Some notes as I work through J. L. Dagg’s Manual of Theology (1857) one chapter at a time.
Book 2, Chapter 2: Attributes of God (Part 5)
God knows all things.
In reflecting on God’s omniscience, Dagg focuses on both the MODE and the EXTENT of God’s knowledge.
“The mode of God’s knowledge we cannot comprehend.” His thoughts are not our thoughts. Unlike us who acquire knowledge, God does not. He “is not dependent for knowledge or information received from any of his creatures.”
“The extent of God’s knowledge is unlimited… He knows all things; all things possible, and all things actual… All events, past, present, or future, are known to God… Past events are said to be remembered by him; and he claims the foreknowledge of future events.”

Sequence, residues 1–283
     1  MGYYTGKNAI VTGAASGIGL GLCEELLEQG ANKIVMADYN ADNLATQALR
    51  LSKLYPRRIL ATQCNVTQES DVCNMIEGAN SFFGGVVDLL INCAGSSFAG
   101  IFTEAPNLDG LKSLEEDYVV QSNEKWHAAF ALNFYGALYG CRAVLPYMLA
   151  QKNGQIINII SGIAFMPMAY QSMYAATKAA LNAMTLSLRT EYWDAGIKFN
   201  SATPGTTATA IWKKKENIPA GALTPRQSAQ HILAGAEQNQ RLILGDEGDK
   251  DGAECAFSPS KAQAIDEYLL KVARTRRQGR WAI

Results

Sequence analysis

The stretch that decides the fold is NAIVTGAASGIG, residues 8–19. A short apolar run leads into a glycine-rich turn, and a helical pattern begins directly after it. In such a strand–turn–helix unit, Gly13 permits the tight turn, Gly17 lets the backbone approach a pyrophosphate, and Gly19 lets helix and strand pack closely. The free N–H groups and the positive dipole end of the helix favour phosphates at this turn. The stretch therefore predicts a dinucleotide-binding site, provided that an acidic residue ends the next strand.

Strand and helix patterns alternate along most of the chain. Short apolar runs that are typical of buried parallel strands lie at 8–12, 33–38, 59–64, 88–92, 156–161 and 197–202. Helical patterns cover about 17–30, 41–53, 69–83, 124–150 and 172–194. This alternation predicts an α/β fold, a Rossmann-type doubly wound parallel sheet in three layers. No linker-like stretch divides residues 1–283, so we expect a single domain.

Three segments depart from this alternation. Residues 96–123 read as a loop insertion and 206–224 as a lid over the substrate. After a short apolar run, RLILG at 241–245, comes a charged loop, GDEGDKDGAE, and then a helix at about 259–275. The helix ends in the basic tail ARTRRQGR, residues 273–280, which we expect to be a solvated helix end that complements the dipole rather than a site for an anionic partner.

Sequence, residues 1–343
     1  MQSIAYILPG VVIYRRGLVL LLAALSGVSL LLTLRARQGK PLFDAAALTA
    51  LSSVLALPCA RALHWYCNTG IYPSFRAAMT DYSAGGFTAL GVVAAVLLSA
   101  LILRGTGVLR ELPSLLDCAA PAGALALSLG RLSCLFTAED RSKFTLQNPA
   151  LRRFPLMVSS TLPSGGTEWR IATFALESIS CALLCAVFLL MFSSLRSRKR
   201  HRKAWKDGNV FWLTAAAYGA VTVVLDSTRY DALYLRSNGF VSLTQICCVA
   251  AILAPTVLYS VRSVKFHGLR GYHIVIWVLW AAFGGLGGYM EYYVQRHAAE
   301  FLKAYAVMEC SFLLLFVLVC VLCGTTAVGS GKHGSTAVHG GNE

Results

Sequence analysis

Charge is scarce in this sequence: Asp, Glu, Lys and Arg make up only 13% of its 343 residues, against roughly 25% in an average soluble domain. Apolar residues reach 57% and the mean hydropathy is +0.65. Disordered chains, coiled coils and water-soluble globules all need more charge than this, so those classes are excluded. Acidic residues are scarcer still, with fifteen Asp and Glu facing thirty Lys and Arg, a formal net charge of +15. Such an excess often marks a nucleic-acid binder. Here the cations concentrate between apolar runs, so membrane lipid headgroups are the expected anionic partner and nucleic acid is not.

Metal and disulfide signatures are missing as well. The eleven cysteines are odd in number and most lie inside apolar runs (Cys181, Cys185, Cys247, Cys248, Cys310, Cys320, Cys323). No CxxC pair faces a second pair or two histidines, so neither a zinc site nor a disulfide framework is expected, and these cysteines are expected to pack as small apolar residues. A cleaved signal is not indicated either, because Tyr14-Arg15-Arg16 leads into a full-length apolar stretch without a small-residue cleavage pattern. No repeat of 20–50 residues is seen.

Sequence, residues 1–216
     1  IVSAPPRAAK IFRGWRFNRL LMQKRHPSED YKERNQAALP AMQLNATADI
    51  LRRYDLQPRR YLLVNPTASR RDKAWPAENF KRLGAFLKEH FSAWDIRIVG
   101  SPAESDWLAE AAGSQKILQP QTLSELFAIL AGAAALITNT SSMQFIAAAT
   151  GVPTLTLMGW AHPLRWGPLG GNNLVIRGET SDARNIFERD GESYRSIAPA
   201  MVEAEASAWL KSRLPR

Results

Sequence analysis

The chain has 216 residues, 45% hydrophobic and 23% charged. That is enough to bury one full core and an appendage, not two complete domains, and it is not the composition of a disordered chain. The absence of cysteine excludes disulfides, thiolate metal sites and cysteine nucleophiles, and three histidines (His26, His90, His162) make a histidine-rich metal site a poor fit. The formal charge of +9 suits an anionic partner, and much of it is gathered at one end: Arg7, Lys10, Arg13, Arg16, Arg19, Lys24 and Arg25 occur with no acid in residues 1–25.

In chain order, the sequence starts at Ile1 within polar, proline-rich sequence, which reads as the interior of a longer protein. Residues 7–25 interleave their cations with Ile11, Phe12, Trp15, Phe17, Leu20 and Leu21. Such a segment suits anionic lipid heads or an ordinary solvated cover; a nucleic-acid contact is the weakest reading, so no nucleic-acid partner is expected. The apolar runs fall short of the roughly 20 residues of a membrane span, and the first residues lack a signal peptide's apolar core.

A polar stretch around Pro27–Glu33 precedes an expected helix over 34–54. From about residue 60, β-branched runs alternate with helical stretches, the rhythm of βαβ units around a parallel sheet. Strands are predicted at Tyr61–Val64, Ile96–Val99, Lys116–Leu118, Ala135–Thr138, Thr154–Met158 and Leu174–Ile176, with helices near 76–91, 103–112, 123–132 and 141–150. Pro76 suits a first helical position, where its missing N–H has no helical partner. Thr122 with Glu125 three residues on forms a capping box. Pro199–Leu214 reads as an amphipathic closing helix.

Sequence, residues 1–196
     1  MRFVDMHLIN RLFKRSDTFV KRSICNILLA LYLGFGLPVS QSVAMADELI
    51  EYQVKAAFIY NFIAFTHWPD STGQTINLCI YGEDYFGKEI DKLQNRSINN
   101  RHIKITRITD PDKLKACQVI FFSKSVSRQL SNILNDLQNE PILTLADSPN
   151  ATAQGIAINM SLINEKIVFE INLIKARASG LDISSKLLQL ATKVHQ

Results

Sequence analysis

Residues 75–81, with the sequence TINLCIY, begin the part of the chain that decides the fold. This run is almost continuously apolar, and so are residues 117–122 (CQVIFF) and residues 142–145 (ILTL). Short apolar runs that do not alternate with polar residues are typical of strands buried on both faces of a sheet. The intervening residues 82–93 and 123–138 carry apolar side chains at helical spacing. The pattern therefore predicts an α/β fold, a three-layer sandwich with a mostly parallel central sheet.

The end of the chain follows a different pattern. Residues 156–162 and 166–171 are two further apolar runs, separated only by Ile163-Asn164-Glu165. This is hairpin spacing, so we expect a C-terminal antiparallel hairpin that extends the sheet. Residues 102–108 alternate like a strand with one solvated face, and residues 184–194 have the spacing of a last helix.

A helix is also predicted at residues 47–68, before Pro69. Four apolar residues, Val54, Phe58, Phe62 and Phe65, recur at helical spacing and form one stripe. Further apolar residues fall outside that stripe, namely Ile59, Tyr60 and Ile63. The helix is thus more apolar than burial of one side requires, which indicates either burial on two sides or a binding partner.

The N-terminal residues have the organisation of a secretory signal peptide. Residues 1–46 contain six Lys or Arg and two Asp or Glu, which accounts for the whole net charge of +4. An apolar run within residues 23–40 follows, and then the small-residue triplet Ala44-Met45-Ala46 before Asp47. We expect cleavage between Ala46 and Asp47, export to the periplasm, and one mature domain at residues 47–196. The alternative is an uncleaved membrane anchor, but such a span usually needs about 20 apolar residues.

Dagg then compares human knowledge with God’s infinite intelligence. “Human beings have two modes of knowing past events; one, by memory; the other, by inferring their existence from the effects which have followed.”
What effect should God’s omniscience have on us?
“An important part of its use consists in convincing us that we cannot find God, and that his thoughts are not as our thoughts.”
“We should fear and tremble before it. He sees the inmost recesses of the heart. The hateful thoughts which we are unwilling a fellow-worm should know, are all known to him, and every thought, word, and deed.”
(Photo: Ben White)